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Liberal leader Justin Trudeau and Ontario Premier Kathleen Wynne walk together to a joint news conference in Ottawa Thursday January 29, 2015 ahead of a meeting of Canadian premiers.Adrian Wyld/The Canadian Press

Ontario Premier Kathleen Wynne promised Sunday to do everything she can to defeat Stephen Harper and elect Justin Trudeau in the Oct. 19 federal election.

"We need a new Prime Minister," she told The Globe and Mail Sunday. "There's no secret that I'll be working for Justin."

Relations between the Ontario Liberals and the federal Conservatives are toxic on a whole host of issues. The biggest bane may be the refusal by the Harper government to assist in the creation of an Ontario supplement to the Canada Pension Plan.

Without the support of the Canada Revenue Agency, which Finance Minister Joe Oliver refused to provide because he considers the new pension unaffordable, the Ontario Retirement Pension Plan will be much more expensive to set up and administer, a situation Ms. Wynne said displayed "a blatant lack of respect for the people of Ontario."

Conversely, the ties between the Ontario and federal Liberals verge on intimate. Mr. Trudeau's two most senior advisors, Gerry Butts and Katie Telford, worked in the government of Ms. Wynne's predecessor, Dalton McGuinty. In recent years, the two parties have co-operated in developing a data base that identifies potential Liberal supporters.

Provincial party members will work with their federal counterparts on door-knocking and the like throughout the campaign. And Ms. Wynne will appear with Mr. Trudeau at a number of public events.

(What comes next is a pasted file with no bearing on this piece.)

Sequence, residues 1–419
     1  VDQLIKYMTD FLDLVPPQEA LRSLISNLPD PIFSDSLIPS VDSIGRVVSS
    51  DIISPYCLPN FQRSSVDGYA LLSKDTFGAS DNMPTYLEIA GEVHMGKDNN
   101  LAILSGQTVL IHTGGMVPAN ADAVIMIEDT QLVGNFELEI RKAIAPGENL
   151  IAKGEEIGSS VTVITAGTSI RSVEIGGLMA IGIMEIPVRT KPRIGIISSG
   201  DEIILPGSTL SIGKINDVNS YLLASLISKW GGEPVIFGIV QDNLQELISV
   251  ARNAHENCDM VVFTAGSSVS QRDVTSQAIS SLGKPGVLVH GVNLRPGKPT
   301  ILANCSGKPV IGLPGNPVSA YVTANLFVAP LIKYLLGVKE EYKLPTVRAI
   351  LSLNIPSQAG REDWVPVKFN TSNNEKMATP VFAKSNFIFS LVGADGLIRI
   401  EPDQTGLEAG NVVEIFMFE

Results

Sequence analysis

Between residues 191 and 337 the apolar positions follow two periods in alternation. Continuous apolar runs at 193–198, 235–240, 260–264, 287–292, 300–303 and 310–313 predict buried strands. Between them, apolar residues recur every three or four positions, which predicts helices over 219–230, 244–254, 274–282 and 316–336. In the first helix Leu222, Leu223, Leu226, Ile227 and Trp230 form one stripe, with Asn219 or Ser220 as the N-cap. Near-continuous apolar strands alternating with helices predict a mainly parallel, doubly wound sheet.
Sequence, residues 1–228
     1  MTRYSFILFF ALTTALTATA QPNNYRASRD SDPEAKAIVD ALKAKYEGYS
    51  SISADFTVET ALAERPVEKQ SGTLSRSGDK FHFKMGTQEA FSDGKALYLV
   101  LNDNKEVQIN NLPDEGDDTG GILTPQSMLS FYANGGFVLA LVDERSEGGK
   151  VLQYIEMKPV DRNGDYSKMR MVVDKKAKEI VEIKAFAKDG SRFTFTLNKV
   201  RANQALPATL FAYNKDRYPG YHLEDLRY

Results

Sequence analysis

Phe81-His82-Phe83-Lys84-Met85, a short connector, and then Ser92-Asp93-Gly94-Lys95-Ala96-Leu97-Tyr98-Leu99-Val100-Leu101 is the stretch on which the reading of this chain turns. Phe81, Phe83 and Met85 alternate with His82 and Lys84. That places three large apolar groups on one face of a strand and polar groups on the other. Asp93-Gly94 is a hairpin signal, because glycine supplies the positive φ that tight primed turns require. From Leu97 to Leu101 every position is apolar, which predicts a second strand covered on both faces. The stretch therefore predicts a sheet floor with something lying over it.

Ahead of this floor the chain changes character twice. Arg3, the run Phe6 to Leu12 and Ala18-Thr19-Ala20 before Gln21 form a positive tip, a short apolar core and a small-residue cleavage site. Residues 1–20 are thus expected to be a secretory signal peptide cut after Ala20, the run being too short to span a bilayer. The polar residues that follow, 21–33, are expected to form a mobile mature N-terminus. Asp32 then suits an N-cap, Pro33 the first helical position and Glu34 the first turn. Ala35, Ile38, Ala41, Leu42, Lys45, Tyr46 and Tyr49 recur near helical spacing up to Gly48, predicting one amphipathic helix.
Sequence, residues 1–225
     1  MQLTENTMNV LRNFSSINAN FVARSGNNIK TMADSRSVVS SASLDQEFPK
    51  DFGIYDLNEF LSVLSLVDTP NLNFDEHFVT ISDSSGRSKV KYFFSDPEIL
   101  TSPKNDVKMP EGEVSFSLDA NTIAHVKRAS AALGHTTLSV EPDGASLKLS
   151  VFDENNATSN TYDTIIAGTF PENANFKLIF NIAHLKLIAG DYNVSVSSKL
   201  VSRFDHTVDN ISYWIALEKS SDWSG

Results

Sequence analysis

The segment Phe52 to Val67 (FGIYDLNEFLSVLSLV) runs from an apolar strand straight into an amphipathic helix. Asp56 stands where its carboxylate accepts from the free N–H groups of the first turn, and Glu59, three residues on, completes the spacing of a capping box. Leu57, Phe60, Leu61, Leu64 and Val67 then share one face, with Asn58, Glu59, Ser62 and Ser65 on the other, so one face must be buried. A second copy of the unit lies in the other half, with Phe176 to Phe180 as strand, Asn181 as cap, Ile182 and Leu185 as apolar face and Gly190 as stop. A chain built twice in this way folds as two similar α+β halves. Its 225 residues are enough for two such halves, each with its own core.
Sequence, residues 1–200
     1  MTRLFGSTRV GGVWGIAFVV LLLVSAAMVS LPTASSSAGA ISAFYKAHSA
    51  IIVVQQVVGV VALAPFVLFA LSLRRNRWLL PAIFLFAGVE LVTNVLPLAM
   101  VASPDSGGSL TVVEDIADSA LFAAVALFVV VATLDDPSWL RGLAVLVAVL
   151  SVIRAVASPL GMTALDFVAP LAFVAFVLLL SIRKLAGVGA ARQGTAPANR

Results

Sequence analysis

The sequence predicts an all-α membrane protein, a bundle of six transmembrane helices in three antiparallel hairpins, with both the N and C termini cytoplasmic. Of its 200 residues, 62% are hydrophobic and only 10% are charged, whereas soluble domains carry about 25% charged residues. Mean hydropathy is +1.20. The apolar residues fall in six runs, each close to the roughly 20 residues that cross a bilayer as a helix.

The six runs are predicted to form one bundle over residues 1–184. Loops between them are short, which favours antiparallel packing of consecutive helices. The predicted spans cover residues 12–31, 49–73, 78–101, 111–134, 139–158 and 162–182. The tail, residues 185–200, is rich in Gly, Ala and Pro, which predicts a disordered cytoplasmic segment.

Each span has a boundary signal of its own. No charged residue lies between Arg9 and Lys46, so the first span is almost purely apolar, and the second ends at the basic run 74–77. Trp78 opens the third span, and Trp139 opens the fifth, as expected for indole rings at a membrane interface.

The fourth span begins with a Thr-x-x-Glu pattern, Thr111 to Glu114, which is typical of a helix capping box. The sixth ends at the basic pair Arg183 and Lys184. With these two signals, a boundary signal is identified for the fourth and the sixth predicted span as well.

Beyond that, the two leaders share a similar vision of the federation: one in which Ottawa works co-operatively with the provinces on national programs. Mr. Harper has preferred to keep the federal government within its own jurisdiction, and to let the provinces do their own thing.

The blessing of the provincial Liberals' support may, however, be mixed. Ms. Wynne's decision to sell off Hydro One has not gone down well, and many immigrant and rural voters are unhappy with the new provincial sex-education curriculum.

But given the strength of the Conservative machine in the province, the federal Liberals will doubtless welcome the help from their provincial cousins.

After all, the same voters who cast ballots for Stephen Harper in 2011 voted for Ms. Wynne in 2014. The Premier could be an especially valuable asset in places such as downtown Toronto, where the fights are between the Liberals and the NDP.

If Ms. Wynne can help Mr. Trudeau win the election by winning Ontario, then the ties between Queen's Park and Parliament Hill may become the closest Ontario voters have ever seen.